Something a bit techie this week. We’ve seen many of our customer websites be inundated with spam emails from their contact forms which makes picking out the real business enquiries quite a chore.
Many people resort to a “CAPTCHA” to solve the problem – but that makes the experience worse for genuine customers as they struggle to interpret the weird numbers, colours and letters.
I’ve recently proved a much more friendly way has blocked 99% of the contact form spam on six of our websites…
This method, which I’m calling the “honey trap”, works because almost all contact form spam is automated – and the programs that automate this process (spam-bots) aren’t very smart. They usually work by scanning the source of the web page, identifying the text boxes that they can, putting something in every box (in case they are “required” fields) and automatically submitting the form.
I’ve found that when adding an extra email box and hiding it from human view all automated spam-bots still put something in the box. Humans don’t as they can’t see it at all, but the ‘bots do. When the form is submitted I check that hidden field – if there is something in it then we don’t send an email – we just pretend to.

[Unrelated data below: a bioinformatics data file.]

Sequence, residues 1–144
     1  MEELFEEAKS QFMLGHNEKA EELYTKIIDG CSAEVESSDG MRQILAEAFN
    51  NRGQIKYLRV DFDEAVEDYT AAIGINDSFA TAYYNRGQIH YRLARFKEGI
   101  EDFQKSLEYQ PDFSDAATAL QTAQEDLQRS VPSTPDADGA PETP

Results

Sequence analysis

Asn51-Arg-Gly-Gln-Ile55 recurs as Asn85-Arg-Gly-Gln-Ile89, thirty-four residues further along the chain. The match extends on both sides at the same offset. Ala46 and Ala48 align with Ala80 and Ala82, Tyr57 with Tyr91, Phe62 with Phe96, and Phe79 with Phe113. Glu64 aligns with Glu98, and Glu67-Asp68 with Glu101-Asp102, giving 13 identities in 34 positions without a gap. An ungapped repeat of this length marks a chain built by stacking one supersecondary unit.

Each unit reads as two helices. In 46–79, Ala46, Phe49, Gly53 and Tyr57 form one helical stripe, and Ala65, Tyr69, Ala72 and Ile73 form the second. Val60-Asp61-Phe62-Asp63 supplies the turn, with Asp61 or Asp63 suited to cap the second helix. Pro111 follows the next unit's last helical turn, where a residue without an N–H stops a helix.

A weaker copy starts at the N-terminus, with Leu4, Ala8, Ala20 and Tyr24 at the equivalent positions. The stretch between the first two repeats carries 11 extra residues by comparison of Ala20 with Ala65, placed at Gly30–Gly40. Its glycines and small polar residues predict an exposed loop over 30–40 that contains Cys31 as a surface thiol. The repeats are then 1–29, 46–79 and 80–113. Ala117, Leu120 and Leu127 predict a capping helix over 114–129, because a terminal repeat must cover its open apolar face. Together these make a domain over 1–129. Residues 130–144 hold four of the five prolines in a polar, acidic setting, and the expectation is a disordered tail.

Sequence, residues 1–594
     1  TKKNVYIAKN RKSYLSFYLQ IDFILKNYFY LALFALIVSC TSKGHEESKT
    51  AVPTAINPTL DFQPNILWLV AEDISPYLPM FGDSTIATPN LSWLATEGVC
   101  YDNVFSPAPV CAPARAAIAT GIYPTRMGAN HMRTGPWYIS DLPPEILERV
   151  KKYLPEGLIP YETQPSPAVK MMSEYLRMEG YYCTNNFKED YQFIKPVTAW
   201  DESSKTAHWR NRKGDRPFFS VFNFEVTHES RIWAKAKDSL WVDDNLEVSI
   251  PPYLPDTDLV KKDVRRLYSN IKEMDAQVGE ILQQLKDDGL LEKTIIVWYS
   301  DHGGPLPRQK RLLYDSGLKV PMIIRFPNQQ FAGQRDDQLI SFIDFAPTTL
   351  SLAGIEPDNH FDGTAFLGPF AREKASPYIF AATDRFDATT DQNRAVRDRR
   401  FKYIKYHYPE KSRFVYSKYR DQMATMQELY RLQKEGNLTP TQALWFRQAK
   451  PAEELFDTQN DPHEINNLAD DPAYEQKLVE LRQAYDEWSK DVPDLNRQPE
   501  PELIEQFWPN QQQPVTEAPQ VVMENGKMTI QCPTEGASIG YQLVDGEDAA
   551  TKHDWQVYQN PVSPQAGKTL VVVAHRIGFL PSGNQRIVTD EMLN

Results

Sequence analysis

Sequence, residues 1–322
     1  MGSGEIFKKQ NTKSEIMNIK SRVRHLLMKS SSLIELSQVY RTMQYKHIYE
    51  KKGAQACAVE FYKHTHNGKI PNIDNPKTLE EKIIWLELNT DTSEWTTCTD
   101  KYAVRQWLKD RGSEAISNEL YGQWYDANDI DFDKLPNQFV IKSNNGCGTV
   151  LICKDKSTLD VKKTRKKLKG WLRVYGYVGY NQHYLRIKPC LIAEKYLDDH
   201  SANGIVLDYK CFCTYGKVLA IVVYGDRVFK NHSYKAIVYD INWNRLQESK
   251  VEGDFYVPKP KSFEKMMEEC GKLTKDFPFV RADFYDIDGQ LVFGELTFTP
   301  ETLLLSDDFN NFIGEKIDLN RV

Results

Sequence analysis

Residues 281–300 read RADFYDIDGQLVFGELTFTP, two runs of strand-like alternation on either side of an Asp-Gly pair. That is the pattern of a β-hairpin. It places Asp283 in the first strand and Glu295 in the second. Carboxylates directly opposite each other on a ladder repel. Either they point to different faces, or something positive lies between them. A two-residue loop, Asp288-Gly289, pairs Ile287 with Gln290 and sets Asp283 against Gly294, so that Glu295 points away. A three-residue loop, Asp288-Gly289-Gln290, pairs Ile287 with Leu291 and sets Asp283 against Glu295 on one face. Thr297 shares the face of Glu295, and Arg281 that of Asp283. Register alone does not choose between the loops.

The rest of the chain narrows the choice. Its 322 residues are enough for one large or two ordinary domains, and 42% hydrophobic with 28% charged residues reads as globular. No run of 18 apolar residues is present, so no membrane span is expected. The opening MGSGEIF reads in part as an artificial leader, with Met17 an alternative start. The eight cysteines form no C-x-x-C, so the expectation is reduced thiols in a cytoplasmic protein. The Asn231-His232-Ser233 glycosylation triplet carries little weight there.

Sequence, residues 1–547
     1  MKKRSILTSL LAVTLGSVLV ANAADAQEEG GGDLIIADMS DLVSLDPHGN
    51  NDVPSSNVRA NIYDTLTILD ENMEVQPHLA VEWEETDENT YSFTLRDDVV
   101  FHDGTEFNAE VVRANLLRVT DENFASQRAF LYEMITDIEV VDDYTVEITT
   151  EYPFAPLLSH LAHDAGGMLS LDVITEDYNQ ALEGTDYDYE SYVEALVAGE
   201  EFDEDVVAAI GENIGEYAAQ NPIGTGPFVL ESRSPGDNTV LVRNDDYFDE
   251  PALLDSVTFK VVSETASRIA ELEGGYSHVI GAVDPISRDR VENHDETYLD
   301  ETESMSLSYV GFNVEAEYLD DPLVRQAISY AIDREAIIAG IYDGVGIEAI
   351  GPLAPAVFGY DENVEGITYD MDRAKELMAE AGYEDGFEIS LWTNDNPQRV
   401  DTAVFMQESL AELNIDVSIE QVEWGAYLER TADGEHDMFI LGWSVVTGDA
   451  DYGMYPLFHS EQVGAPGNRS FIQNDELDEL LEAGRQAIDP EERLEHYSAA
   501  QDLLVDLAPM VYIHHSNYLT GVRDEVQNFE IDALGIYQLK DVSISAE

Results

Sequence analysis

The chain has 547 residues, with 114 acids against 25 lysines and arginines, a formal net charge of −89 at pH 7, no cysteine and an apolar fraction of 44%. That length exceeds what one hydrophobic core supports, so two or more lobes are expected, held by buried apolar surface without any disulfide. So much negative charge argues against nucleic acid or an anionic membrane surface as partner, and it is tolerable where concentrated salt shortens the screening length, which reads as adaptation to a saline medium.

Simple, but amazingly effective.
The steps to achieve this are pretty simple (for a coder):
- Add a new textbox called something tempting like “repeatemail” to your form. Make sure it has a label like the real fields – we want it to look as convincing as possible.
- Wrap it in a new CSS class, with an innocuous name like “email2”.
- Make that CSS class “display:none”. Don’t use inline CSS, place it in an external stylesheet.
- When the form is submitted check the value of repeatemail.text.trim to see if it contains something. If it does do not run the code to send an email.
- Always send the visitor to the usual “Thank You” page as normal, whether email was sent or not, so visible behaviour is correct.
- One “gotcha”: Internet Explorer auto-fills hidden form fields (!?), which can create a false-positive. The solution is to add repeatemail.attributes.add(“
autocomplete”,”off”) to page load – this is a Microsoft tag that prevents the field ever being auto-completed.
About The Author: Matt
Matt is a passionate technology enthusiast who loves everything about the web, with a particular passion for helping Kent businesses. He's been tinkering with computers since he was young and has always been fascinated by the power and potential of the internet.
When he's not working on his latest web project, Matt loves to spend time outdoors, playing video games, and keeping up with the latest developments in the tech world. He's excited to continue pursuing his passion for web technology and helping Kent businesses to succeed in the online space.
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